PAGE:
The pier has been rebuilt many times since it was first completed in the 1880s. The new design will introduce a new landscape and site program that the designers believe will make the pier a year-round destination for locals and tourists.
"You can't rely on an icon alone. It's long and hot to walk out there," said Rogers Partners principal Robert M Rogers. "The new pier is about experiencing the water and the city from a variety of perspectives."
The new Pier Park, which will be funded by the city, is designed to accommodate large crowds for special events like concerts and walkers wanting to stroll along the waterfront. Shade will be provided along the structure to improve visitor comfort in Florida's hot climate.
The landscape includes a manmade "coastal thicket" designed by Smith, which will run along one side of the tree-shaded boardwalk for the majority of its length.
Beyond the thicket, a small splash pool with wooden bleachers will allow visitors to dip their feet in the bay water. Running parallel to the thicket, a paved track will accommodate cyclists, service vehicles and a small trolley, but not private cars. A pathway crossing under the thicket will bring walkers closer to the water and allow them to spot marine life under the pier.
There will also be new building at the end of the pier, containing a restaurant, a rental hall, an education centre, an a small stage facing a lawn that can accommodate up to 4000 people.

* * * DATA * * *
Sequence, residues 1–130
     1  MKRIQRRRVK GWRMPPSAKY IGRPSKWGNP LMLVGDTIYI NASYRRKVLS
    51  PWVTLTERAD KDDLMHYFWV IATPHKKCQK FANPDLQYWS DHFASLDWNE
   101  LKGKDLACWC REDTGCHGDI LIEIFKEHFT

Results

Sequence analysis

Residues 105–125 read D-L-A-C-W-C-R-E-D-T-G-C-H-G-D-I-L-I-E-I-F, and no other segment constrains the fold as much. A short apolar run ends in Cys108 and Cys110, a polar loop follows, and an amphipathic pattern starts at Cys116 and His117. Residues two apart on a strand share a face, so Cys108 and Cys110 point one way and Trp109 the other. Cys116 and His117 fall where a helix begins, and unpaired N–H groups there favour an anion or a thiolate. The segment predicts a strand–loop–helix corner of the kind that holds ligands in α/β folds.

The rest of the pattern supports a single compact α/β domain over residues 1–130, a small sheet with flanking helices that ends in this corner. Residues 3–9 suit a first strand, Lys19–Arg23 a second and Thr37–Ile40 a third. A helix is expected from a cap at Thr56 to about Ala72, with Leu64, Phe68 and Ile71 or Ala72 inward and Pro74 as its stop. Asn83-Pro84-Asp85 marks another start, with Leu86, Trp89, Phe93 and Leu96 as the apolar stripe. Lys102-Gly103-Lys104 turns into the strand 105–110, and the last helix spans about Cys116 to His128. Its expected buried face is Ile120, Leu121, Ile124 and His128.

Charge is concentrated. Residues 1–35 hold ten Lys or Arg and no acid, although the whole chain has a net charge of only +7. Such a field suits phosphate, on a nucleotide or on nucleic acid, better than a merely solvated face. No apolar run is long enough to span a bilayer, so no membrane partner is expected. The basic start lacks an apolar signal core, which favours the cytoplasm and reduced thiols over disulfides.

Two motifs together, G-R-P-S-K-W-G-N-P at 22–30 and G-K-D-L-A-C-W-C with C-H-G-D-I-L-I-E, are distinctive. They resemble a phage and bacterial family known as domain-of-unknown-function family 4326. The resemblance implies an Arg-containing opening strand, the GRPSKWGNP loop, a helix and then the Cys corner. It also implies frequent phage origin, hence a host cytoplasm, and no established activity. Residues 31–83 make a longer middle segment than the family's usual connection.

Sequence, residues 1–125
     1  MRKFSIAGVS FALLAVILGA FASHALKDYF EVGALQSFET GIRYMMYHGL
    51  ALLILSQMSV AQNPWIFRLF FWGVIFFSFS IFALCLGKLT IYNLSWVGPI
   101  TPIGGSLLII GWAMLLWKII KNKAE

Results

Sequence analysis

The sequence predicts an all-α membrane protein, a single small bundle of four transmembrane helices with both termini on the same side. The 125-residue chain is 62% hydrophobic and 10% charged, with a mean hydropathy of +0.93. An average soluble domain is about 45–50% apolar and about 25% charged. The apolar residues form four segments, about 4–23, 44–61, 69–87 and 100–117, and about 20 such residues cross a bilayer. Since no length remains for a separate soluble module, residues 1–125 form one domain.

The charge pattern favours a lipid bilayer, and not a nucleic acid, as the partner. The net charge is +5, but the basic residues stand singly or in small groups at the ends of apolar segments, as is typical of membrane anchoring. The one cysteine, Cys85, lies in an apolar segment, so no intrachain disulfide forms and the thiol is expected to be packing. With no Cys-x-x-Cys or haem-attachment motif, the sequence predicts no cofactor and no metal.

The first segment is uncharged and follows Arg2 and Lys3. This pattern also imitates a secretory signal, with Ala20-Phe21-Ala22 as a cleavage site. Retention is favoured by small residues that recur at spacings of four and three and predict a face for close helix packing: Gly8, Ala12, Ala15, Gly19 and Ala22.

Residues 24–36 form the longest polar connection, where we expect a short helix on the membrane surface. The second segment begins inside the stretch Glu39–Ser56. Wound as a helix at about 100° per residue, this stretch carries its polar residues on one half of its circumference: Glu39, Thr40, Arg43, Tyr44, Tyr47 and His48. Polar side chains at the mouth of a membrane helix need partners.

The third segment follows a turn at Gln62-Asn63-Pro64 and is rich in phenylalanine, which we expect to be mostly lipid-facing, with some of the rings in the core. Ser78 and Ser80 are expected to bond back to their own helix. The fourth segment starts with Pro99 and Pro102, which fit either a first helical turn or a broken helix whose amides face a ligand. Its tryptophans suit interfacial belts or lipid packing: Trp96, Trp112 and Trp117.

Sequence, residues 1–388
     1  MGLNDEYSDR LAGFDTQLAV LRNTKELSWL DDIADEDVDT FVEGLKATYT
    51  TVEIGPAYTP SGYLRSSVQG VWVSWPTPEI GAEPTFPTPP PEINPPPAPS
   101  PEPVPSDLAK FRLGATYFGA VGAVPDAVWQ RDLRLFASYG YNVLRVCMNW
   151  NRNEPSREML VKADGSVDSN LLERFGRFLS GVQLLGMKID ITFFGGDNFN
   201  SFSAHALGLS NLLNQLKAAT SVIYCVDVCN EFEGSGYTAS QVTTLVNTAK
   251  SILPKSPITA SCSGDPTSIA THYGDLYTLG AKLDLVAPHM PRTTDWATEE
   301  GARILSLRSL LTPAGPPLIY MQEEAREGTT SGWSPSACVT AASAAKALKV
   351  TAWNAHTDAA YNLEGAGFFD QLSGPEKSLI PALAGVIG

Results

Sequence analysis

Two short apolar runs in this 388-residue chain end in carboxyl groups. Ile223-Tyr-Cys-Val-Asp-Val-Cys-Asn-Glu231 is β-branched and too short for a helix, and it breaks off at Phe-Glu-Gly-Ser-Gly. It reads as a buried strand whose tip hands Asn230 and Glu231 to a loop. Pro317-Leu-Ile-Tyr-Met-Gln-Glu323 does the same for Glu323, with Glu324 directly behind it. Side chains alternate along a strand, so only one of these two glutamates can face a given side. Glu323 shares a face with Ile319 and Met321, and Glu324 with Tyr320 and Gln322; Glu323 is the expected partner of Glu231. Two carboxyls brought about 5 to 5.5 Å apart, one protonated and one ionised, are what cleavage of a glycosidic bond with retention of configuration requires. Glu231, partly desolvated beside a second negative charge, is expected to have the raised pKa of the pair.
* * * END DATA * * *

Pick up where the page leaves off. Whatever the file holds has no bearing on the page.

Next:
The building is rotated 45 degrees from the axis of the pier to offer views back to the city and out to the bay, while avoiding the direct glare of the sun
The end of the pier will also have launches for kayaks and paddle boats off floating docks, aiming to offer a more intimate connection to the water than what currently exists.
The half-mile-long pier will connect to another mile and a half of upland landmass that connects to larger waterfront district, which has numerous hotels and music venues.
"We're excited because the whole waterfront is getting a new master plan," Rogers said. "Much of our work will be making sure that the pier ties into the entire waterfront experience."
The city council approved $5.2 million to complete the design and demolish the existing pier. Rogers estimates the project will take at least two years to rebuild.